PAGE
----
The Cheesemonger Invitational – a.k.a. the “Cheese Olympics”July 13, 2023
by Katie Glaudell
Halloween isn’t just for kids, and grocery store candy can be gourmet. Here’s how to pair your Trick-or-Treat haul with artisan cheese and elevate a sugar fest into a grown-up snacking experience!
The Principles of Pairing
When coming up with flavor combinations of any kind, there are some basic food pairing guidelines (that you probably already use without thinking) to help you get started. Debates rage on what should or shouldn’t be included in a list of “official” flavor categories, but here are the most useful for pairing purposes:
SALTY – SWEET – BITTER – ACIDIC – FATTY – SPICY
Contrasting flavors tend to work well, like these classic combos:
- peanut butter + jelly (salty + sweet)
- honey + lemon (sweet + acidic)
- olive oil + vinegar (fatty + acidic)
When thinking about cheese pairings, it also helps to have a general understanding of the different milk types and what they might lend to the profile of a cheese. In the very simplest terms:
- goat cheese tends to be tangy
- sheep cheese tends to be nutty
- cow cheese tends to be buttery
Pairing Candy with Cheese
So with these basic principles in mind, pairing your leftover Halloween candy with cheese isn’t such a wild idea. All you have to do then is identify the other flavors at play, and with a little trial and error you’ll discover amazing combinations. This is what Molly Hess, resident Certified Cheese Professional (and unofficial food genius) set out to do in planning the menu for Marché’s annual Halloween candy pairing class. The rest of our team was lucky enough to help Molly test pairings, and while there were some immediate winners, trickier combinations took three or four tries to get right.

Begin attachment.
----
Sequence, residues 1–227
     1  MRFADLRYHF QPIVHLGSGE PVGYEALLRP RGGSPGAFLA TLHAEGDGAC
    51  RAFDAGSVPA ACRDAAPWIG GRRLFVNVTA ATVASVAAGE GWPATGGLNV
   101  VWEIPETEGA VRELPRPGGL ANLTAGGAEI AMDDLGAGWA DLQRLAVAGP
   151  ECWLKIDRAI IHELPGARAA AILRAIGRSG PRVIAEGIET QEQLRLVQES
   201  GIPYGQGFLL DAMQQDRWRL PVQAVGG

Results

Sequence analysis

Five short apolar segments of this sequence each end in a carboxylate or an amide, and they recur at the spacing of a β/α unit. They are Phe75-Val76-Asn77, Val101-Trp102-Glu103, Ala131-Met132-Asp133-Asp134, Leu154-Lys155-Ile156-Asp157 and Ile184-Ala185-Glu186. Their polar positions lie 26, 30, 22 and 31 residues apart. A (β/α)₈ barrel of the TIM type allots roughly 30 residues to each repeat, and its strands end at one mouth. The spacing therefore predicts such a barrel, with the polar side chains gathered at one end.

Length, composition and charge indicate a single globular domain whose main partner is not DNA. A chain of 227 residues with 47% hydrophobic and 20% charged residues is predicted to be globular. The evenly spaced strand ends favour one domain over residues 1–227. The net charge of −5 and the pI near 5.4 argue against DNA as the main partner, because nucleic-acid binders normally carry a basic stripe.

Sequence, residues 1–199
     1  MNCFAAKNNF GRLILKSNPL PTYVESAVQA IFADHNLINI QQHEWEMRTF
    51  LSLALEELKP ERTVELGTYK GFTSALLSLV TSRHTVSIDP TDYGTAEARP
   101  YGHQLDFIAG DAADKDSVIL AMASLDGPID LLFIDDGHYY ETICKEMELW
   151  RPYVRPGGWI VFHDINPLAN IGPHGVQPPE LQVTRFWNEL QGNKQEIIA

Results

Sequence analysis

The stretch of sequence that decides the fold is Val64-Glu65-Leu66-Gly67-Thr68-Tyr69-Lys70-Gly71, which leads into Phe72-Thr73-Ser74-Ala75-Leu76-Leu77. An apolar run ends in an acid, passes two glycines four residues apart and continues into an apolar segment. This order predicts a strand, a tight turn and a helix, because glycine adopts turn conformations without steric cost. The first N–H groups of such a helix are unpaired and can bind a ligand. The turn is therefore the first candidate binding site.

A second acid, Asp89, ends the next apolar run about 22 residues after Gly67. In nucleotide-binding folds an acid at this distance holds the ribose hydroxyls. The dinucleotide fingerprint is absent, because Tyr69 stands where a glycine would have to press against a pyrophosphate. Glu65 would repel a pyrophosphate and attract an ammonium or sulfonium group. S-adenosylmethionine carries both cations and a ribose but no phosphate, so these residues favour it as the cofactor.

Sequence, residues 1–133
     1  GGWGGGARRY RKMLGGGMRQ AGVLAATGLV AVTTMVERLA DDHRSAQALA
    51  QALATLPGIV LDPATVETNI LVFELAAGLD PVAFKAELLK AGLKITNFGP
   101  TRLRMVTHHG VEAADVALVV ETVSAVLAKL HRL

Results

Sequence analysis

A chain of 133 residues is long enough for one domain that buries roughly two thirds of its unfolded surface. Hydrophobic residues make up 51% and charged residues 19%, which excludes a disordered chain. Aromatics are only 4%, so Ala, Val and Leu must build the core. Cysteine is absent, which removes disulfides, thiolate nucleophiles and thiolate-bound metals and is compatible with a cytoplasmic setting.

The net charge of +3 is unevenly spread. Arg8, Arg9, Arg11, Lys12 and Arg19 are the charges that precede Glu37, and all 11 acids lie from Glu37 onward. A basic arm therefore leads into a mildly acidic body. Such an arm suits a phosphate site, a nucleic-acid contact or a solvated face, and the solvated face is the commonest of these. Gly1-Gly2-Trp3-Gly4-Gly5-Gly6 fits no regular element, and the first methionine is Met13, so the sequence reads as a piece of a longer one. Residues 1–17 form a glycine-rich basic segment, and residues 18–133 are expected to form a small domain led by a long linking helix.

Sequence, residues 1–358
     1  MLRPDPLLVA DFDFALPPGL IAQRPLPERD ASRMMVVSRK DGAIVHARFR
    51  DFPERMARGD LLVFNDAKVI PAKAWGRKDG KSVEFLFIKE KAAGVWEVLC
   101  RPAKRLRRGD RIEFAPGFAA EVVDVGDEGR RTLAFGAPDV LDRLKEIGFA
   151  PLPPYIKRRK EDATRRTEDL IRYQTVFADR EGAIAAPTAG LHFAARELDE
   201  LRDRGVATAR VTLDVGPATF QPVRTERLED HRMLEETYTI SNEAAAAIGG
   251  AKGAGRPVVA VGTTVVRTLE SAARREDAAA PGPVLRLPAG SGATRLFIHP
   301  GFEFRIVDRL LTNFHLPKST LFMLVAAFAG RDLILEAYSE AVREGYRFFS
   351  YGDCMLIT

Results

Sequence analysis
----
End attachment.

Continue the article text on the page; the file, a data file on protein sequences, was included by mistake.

- Blakesville Chèvre + Crushed Watermelon Jolly Rancher
Sour foods tend to downplay the lactic tang in young goat cheese and bring out more of its creamy richness. We also tested this with a Blue Raspberry Jolly Rancher, but the Watermelon had the better balance of sweet and tart. This pairing was first inspired by Molly’s fellow Cheesemonger Invitational competitor Jimme Mares, who rolled balls of chèvre in Nerds as one of his presentation plates. We highly recommend trying this combo as well.
- Mimolette + Caramel Apple
The salty sharpness of this aged French cheese was an obvious win with the bright acidity and buttery sweetness of a caramel apple, evoking the English (and Wisconsin) tradition of grating cheddar over apple pie.
- Délice de Bourgogne + 3 Musketeers
With a rich but mild triple crème, you don’t want to add elements that overpower the simple butterfat. Mellow milk chocolate and nougat was all it needed to make this a pure bite of decadent dessert.
- Ewephoria + Peach Rings
Peach rings are one of my personal favorites, more mildly tart than intensely bright like other fruit-flavored candies. The hint of sheepy tang in Ewephoria gouda was the perfect companion, elevating the candy to the sophistication of a peach jam and balancing the savory notes of the aged cheese.
- Comté + Brach’s Mellowcreme Pumpkins (aka Candy Corn)
As polarizing as candy corn is, it’s an inseparable part of Halloween, so we had to include it. Molly found that it tastes a lot like cake frosting…but how to pair such a simple flavor? In many tests the cheese far overpowered the candy. Eventually, we found that a young Comté–sweet, nutty, and toasty–was the magic it was missing, transforming the pure sugar into something subtle and marshmallowy. As someone who is not a fan of candy corn, I swear I could have eaten a whole bag of it paired with Comté.
- Moliterno + Reese’s Pieces
We know from past classes that Reese’s Cups like the yeasty funk of washed-rind cheeses, but Reese’s Pieces are more about the peanut butter than the chocolate, so it needs a cheese that holds its own against the salt. We thought the spice of a blue could be interesting, but blues are also very savory, which ended up being a muddy salt fest when combined with the candy. Moliterno, a semi-aged sheep-goat milk blend from southern Italy was just the thing. The cream-cheesy tang of the goat’s milk tames the salty peanut butter, while the sweet nuttiness of the sheep’s milk brings forward that same nuttiness in the Reese’s Pieces.
This is the magic of food pairing–it’s alchemy, art meeting science.
You can use basic flavor math as a starting point, but the complexities of food, our taste buds, and each person’s unique palate, means that there will always be surprises. At Marché we’re constantly chasing that surprise, that third tasting experience–we know what this cheese tastes like, and what that candy, or wine, or charcuterie tastes like, but when you put the two together, it takes you somewhere completely unexpected, and somehow you’ve just turned lead into gold.